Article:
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Creating Classroom Libraries

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SAS Workshop Session - Oct. 28, 2006

SAS Workshop Session - Oct. 28, 2006

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    Creating Classroom Libraries Creating Classroom Libraries Presentation Transcript

    • CLASSROOM RESOURCE CENTERS (CRC)
    • A Classroom Resource Center is a corner, a little space or an area in the classroom where reading and writing materials are found. What is a Classroom Resource Center (CRC)?
      • It is where reading and writing skills are strengthened and reinforced.
      • It is a comfortable, if not cozy place, for students to independently read and acquire content and skill from its collection.
      • For the teacher, it is where his instructional materials are organized according to the prescribed lesson, unit or curriculum. Therefore, these visual aids and instructional materials are very much accessible for his perusal and for his students too.
    • Why a CRC?
      • Research has proven that Classroom Resource Centers are effective in helping student attain reading achievement.
      • Children who are learning to read need access to meaningful and age appropriate books.
      • By having a classroom library, teachers can easily promote reading.
      • Children will have an increased frequency in reading when offered diverse reading materials and experiences.
    • 5 Functions of the CRC (Ruetzel and Fawson)
      • Support literacy
      • Help students learn about books
      • Provide opportunities for independent reading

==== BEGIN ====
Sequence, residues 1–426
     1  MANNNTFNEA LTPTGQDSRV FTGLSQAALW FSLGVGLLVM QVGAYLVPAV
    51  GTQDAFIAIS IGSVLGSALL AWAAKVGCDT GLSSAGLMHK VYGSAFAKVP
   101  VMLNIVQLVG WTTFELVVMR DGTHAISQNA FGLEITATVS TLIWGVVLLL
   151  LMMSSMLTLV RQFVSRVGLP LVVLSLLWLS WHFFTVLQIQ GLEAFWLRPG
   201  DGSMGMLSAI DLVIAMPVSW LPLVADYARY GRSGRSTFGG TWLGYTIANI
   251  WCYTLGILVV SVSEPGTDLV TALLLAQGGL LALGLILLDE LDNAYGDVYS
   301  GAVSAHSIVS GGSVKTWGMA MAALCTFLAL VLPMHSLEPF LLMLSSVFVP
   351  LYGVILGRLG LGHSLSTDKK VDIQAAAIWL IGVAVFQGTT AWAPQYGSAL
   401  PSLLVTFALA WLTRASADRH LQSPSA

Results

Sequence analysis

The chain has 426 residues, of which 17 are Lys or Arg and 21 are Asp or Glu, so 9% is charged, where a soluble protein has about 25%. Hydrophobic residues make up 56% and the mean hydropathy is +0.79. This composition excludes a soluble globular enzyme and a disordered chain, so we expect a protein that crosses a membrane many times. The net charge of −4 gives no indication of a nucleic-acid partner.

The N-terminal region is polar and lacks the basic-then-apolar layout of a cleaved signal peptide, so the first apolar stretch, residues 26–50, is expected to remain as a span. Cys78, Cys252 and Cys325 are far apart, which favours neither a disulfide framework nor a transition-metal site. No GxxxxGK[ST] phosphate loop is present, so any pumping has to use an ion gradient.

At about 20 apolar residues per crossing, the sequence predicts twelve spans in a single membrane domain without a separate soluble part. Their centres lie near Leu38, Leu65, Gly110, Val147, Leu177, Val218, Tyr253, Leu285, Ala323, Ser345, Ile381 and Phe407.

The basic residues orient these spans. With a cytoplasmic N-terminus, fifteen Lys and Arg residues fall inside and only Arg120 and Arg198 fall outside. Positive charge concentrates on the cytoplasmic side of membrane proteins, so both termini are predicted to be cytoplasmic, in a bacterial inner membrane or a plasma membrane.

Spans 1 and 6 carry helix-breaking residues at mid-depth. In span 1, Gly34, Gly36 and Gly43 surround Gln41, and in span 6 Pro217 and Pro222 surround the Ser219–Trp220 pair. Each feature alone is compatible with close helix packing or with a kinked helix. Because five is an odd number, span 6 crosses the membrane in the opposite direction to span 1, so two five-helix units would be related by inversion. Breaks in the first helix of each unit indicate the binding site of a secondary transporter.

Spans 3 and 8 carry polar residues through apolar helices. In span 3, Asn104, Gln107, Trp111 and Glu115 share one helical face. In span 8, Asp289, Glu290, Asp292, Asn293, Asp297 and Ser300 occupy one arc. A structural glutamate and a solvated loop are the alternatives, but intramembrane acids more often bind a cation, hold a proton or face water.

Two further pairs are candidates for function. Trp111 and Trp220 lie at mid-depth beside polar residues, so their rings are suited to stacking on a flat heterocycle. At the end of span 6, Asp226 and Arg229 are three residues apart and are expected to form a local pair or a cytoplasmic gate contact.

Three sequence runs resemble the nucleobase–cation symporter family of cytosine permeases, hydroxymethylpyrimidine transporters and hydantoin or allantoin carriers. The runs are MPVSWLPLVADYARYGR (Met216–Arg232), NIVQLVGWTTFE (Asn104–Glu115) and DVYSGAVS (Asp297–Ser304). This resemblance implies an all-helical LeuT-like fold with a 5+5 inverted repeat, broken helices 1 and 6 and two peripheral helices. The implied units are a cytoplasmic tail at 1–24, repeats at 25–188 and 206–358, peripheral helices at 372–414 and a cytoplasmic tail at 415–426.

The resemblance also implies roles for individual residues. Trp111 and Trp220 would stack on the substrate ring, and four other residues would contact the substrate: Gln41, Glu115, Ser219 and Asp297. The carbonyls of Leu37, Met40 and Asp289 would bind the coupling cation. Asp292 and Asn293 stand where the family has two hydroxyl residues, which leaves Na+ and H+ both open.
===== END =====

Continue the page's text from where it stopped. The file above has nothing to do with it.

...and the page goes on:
• Provide a central location for central resources
      • Serve as a place for students to interact with books
    • 5 Ways to Create a CRC
      • Set objectives for the CRC
      • Understand and articulate its role and function
      • Plan the CRC’s physical set-up and materials; collection and extent of use
      • Maintain and manage the CRC
      • Evaluate the CRC’s function , role and the way it will be managed
    • What Matters & Who
      • Students – reading level and reading interest
      • Curriculum – prescribed scope and sequence; concepts and skills covered in the basic education curricula
      • Administrative Support – approval of principal and school heads; document the CRC proposal and plan for future references
      • Budget – funds and resources; donations; gifts and grants
    • What Makes Up Your CRC
      • Physical set-up
      • accessible to everyone in the class
      • Organized in a fashion that children can easily understand
      • Provision for reading and writing interactions
      • Allot a space for instructional materials
      • Materials to put in the CRC
      • Print resources – books, magazines, newspapers, posters, pamphlets, others
      • Non-print resources – Cd’s, realia, dioramas, toys, puzzles, manipulatives, others
      • Works of Students – exemplars of projects, portfolios, essays, others
      • Teacher Made Resources – charts, posters, flashcards, others
      • Materials to put in the CRC
      • Organize your collection according to:
        • Format
        • Literary genre (fiction, non-fiction, references)
        • Reading Levels
    • Basic how-to for your CRC
      • Finding resources
      • Turning the old into the new
      • Building one’s own teaching resources
      • Engaging students
      • Establishing rules and guidelines
    • Challenges
      • Big size classrooms
      • Multigrade classes
      • Different levels of comprehension
    • Mrs. Zarah Gagatiga Gurong Kaakbay Xavier School Oct. 27-30,2006